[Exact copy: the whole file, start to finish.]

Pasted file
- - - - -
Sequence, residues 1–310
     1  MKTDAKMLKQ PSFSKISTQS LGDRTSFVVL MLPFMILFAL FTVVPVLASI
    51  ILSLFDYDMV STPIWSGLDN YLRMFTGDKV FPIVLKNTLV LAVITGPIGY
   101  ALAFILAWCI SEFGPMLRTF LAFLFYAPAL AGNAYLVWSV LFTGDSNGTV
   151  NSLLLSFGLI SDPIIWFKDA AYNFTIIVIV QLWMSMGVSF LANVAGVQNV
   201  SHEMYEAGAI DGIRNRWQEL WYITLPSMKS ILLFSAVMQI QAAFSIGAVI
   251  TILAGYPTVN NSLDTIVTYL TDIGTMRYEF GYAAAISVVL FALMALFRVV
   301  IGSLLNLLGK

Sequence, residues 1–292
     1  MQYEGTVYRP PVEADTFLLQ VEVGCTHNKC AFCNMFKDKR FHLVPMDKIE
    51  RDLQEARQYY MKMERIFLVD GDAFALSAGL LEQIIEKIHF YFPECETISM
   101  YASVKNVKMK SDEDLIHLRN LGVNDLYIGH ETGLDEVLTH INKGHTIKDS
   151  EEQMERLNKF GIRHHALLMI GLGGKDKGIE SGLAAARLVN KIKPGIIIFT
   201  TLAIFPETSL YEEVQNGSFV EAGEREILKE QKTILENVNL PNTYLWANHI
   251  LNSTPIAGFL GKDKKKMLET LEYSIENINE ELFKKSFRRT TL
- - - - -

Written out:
Sequence, residues 1–310
     1  MKTDAKMLKQ PSFSKISTQS LGDRTSFVVL MLPFMILFAL FTVVPVLASI
    51  ILSLFDYDMV STPIWSGLDN YLRMFTGDKV FPIVLKNTLV LAVITGPIGY
   101  ALAFILAWCI SEFGPMLRTF LAFLFYAPAL AGNAYLVWSV LFTGDSNGTV
   151  NSLLLSFGLI SDPIIWFKDA AYNFTIIVIV QLWMSMGVSF LANVAGVQNV
   201  SHEMYEAGAI DGIRNRWQEL WYITLPSMKS ILLFSAVMQI QAAFSIGAVI
   251  TILAGYPTVN NSLDTIVTYL TDIGTMRYEF GYAAAISVVL FALMALFRVV
   301  IGSLLNLLGK

Sequence, residues 1–292
     1  MQYEGTVYRP PVEADTFLLQ VEVGCTHNKC AFCNMFKDKR FHLVPMDKIE
    51  RDLQEARQYY MKMERIFLVD GDAFALSAGL LEQIIEKIHF YFPECETISM
   101  YASVKNVKMK SDEDLIHLRN LGVNDLYIGH ETGLDEVLTH INKGHTIKDS
   151  EEQMERLNKF GIRHHALLMI GLGGKDKGIE SGLAAARLVN KIKPGIIIFT
   201  TLAIFPETSL YEEVQNGSFV EAGEREILKE QKTILENVNL PNTYLWANHI
   251  LNSTPIAGFL GKDKKKMLET LEYSIENINE ELFKKSFRRT TL